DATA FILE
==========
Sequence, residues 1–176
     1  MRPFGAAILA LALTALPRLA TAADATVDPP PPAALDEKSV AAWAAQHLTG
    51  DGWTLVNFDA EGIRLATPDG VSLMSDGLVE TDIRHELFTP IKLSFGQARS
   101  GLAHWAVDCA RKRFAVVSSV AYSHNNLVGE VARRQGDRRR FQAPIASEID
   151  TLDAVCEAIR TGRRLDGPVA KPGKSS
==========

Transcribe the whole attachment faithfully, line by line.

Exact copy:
Sequence, residues 1–176
     1  MRPFGAAILA LALTALPRLA TAADATVDPP PPAALDEKSV AAWAAQHLTG
    51  DGWTLVNFDA EGIRLATPDG VSLMSDGLVE TDIRHELFTP IKLSFGQARS
   101  GLAHWAVDCA RKRFAVVSSV AYSHNNLVGE VARRQGDRRR FQAPIASEID
   151  TLDAVCEAIR TGRRLDGPVA KPGKSS